AT&T and Sprint may each wind up with portions of T-Mobile in the end, but don't mistake the Android provider for a victim, say analysts. T-Mobile executives have made plenty of mistakes getting to this point.
decision to buy T-Mobile may have been partly motivated by a desire to keep the
latter out of the hands of competitor Sprint. However, should regulators
approve AT&T's bid to acquire the nation's fourth-largest carrier, Sprint
may still get a part of T-Mobile, according to analysts at Citadel Securities.
While it has
been widely suggested that AT&T would have to make a number of concessions
to receive the approval of regulatory bodies, including the Federal
Communications Commission, the analysts at Citadel suggested in a March 24
research note that AT&T executives are downplaying the scale of the efforts
that will be required.
has said it expects to have to make some concessions to get regulatory
approval, but its initial working assumption is that no divestitures will be
required," states the report. "We think this is likely an
exaggeration, and that AT&T may, in fact, be ready to make very significant
AT&T's Stock Purchase Agreement filed March 21 suggests the carrier is
ready to divest up to 40 percent of T-Mobile's subscribers, the Citadel analysts
said, "We think AT&T may not be opposed to divesting even more in
order to get the deal closed."
considering paying a $3 billion reverse breakup fee, the report continued,
AT&T will likely be content to acquire however much of T-Mobile the
regulators will allow and to divest as much as it needs to. The divested
portions, then, could be picked up by Sprint, which reportedly was interested
in T-Mobile but unable to out-bid No. 2 market leader AT&T.
eventual outcome of this deal could be that AT&T does successfully acquire
T-Mobile, but is required to divest perhaps up to half of T-Mobile's
subscribers," stated the report. "We would view this outcome as
positive for Sprint, which we believe would be a likely bidder for the divested
operations. Although not as favorable as a straight Sprint/T-Mobile merger (at
a fair valuation), Sprint's ability to acquire some portions of T-Mobile would
help it achieve better scale."
being pulled in two directions, may appear to be a bit of a sorry victim in all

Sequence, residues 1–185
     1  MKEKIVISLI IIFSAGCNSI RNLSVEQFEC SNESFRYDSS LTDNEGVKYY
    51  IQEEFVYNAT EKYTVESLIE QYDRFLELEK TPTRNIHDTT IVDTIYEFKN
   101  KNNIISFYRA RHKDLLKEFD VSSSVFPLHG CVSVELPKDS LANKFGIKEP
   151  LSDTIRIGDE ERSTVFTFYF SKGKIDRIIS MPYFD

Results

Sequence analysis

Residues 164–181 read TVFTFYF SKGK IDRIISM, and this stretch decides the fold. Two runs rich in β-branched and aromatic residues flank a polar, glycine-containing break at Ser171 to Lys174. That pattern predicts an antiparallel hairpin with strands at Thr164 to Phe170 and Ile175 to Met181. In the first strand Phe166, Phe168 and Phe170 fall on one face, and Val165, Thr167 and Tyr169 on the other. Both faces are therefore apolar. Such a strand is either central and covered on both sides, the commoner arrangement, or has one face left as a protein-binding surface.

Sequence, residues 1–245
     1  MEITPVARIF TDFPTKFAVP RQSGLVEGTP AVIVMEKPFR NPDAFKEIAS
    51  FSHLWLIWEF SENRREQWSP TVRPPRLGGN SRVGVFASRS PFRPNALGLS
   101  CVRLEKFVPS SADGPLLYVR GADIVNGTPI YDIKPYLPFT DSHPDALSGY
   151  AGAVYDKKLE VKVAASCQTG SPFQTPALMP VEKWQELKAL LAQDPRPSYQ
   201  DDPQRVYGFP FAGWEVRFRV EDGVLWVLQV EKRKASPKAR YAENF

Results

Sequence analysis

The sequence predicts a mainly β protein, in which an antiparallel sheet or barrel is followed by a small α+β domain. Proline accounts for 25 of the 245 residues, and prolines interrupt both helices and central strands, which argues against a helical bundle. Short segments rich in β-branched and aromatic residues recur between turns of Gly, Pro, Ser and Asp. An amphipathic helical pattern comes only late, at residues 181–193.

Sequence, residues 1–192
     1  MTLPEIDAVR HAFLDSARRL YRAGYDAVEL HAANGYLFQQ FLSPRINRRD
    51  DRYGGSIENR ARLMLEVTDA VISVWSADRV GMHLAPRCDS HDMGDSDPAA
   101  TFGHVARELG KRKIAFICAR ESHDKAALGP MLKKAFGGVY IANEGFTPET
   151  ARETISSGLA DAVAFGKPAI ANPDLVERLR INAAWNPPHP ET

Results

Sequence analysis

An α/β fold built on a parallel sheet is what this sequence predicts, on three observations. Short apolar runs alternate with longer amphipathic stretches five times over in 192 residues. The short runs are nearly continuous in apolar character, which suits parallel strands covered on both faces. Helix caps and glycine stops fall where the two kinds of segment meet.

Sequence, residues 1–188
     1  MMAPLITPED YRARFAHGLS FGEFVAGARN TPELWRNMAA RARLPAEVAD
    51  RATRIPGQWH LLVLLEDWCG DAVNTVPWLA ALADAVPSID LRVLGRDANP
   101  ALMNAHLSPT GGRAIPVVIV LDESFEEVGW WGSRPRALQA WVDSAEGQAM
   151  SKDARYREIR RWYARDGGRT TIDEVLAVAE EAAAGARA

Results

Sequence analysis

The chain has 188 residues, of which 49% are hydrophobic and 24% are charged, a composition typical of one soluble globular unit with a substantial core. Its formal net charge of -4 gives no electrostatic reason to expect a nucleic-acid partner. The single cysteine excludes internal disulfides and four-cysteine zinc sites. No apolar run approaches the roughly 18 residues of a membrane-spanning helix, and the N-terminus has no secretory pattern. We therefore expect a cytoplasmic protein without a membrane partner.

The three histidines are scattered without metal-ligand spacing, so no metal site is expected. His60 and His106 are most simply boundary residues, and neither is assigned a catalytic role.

this. Despite being the first U.S. carrier to offer an Android smartphone, it
has had trouble competing against its larger rivals. During a presentation to
investors Jan. 21, T-Mobile USA CEO Phillip Humm announced
"T-Mobile is now ready to turn the business around."
But save your
tissues, Danish research firm Strand Consult said in a March 24 report.
T-Mobile USA is simply a victim of mismanagement by executives of parent
company Deutsche Telekom, who didn't apply lessons they'd learned elsewhere to
their American undertaking, the analysts said.
Many of the
problems T-Mobile was struggling with "could have been eliminated if they
had just been a little better at identifying and utilizing the experience and
information"-such as from carriers KPN and Telfort in Holland and E-Plus
in Germany-"that they already had access to within their own international
corporation," the report said.
For one, T-Mobile
should have taken advantage of being a player based on GSM technology-the predominant
protocols worldwide-competing against networks, such as Verizon and Sprint,
which are based on CDMA (Code Division Multiple Access) technology. In South
America, for example, carriers have done this successfully.
are many advantages when selling GSM-based mobile services," stated the
report, "including roaming, easy reuse of mobile handsets and especially a
far greater selection of mobile handsets that are most often significantly
cheaper than corresponding CDMA mobile handsets."
while carriers abroad were pursuing a more open value-added-services strategy,
T-Mobile, suffering from "inferiority complexes regarding their American
competition," stuck with the model being pursued by the other U.S.
most of the VAS market in the USA is simply bypassing the operators, with
market players like Apple selling services directly to customers without
operators receiving any revenue from that business area," Strand Consult said
in the report.
also highlighted T-Mobile's decision to follow the most expensive type of
distribution model; that it didn't learn from E-Plus' success in pursuing an
aggressive MVNO (mobile virtual network operator) strategy; and that in
focusing primarily on the prepaid market, it lost out on trends already playing
out in other countries.
Telekom's American T-Mobile venture, the report concluded, "has been
scrapped; those that ought to be held responsible for this sad turn of events
will not be accused of anything, and the shareholders will once again realize
that they have invested in a company that despite all their experience and
knowledge could not perform."
With the party
over, it seems, it's now up to American regulators to decide just how the
choice bits left behind will get divvied up. And that will take a while.
According to a report in the Wall Street Journal
, the FCC plans to proceed
slowly-just as it did during a recent proposed merger between satellite radio
providers Sirius Satellite Radio and XM satellite Radio. FCC Chairman Julius
Genachowski has made clear that the FCC believes it's in the American people's
best interests that there's "healthy competition" among carriers, all
looking to offer fair prices and good service.
no way the chairman's office rubber-stamps this transaction," an FCC
official told Journal. "It will be a steep climb to say the least."